After serving in the military, many veterans look to go back to school and continue their education, but the cost can be prohibitive. Thankfully, there are a multitude of options for any educational assistance for military personnel, including scholarships, admissions programs, and appropriations. The G.I. Bill is the best known source of funding, but there are other options. Scholarships and state-run programs are worth considering and are detailed below.
Post 9/11 Veterans Educational Assistance Act of 2008
The Post-9/11 G.I. Bill expanded educational benefits for veterans who served since September 11, 2001. Also occasionally referred to as the “New G.I. Bill,” this law pays for veterans’ college expenses, as well as providing the ability for these benefits to be transferred to a spouse or child. The bill includes four years of tuition. The amount given depends upon time served, with a minimum of 90 days of service entitling veterans to 40% of the benefit.
Additionally, the bill covers a living stipend based on housing costs, funding for supplies and books, and a grant to pay for licensing or certification testing. These benefits are good for 15 years after duty. There are additional options for online learning, international schools, and out of state possibilities. For more information visit this site.
There are hundreds of scholarships available, many of which are directed specifically to veterans. Organizations such as VeteranAid, Veterans Caucus, and Veterans United Foundation, offer scholarship opportunities to veterans and their families. Many of these scholarships are donated by successful veterans and their families and are named in honor of their loved ones. Moreover, many local and state organizations, as well as colleges themselves, offer similar awards, many of which can be found here.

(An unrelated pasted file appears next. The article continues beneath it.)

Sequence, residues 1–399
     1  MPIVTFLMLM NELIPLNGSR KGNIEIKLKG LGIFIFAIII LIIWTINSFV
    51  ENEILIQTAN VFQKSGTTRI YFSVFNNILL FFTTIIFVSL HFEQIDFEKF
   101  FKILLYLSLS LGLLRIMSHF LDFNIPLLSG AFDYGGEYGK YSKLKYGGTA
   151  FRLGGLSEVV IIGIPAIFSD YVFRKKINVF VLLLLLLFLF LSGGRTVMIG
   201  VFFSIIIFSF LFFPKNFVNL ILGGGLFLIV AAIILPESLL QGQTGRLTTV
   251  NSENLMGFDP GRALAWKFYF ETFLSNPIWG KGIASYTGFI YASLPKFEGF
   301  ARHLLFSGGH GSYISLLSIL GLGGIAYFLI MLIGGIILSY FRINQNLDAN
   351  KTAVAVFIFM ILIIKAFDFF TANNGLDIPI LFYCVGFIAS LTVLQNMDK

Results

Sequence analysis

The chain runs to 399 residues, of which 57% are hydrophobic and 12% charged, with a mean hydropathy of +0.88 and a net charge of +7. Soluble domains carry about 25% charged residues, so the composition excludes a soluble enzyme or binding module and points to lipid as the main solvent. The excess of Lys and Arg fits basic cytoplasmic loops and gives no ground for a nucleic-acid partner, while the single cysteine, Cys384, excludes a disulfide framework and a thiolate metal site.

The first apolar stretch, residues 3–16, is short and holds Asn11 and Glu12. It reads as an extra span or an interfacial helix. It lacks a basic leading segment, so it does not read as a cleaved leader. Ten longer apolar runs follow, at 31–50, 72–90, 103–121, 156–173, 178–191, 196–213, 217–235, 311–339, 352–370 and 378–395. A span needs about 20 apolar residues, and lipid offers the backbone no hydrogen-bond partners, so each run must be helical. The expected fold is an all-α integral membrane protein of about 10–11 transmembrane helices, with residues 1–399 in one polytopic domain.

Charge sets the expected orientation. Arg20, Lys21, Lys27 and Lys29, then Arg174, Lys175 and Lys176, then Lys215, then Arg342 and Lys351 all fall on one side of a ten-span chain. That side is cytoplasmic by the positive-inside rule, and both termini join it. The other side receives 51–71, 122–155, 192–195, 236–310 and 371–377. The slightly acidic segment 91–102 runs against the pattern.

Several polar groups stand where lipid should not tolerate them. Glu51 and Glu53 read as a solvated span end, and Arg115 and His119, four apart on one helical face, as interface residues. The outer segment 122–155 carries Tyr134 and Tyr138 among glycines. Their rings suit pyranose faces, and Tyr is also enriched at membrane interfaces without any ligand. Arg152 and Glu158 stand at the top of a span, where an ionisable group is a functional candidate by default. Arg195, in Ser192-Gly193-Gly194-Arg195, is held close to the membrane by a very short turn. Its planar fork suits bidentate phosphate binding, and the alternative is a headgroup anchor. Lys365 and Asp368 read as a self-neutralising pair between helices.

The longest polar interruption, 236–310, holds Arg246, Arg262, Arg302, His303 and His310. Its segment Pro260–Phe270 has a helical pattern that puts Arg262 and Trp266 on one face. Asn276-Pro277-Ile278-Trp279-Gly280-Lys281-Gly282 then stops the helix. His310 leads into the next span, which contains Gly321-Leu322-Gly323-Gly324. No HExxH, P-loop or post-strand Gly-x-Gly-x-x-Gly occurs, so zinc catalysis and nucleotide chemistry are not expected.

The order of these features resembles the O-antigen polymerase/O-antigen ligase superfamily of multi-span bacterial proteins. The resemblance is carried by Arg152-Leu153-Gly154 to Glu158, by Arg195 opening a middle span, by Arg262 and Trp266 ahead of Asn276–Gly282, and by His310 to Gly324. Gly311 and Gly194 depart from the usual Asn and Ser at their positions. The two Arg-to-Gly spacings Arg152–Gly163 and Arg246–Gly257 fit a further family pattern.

Accelerated payment for MGIB-AD
Veterans pursuing work in a technical field can receive a large portion (up to 60%) of the financial benefit up front as a lump sum payment. This is not any additional money, but it allows veterans to access the funding sooner. To be eligible for these payments, veterans must be working towards a degree in a subject like life science, physical science, engineering, mathematics, computer science, or computer management. Finally, the awardee would need to indicate an intent to eventually work in a similar field, varying from aerospace to weapons, nuclear technology to computer-integrated manufacturing.
Post GI Bill Eligibility
There are other Student Financial Aid Programs offered by the federal government that can frequently benefit veterans. Most of these grants (as well as some loans) are given to eligible citizens with satisfactory academic progress and displayed financial need.
To apply for these funds, eligible hopeful students can fill out the Free Application for Federal Student Aid (FAFSA) at https://fafsa.ed.gov. The information from the FAFSA will then be disseminated to any accredited school you wish to attend. Lastly, most states offer some educational assistance to students staying in-state, with many options for veterans and their families. Search military.com for grants, loans, and tuition waivers.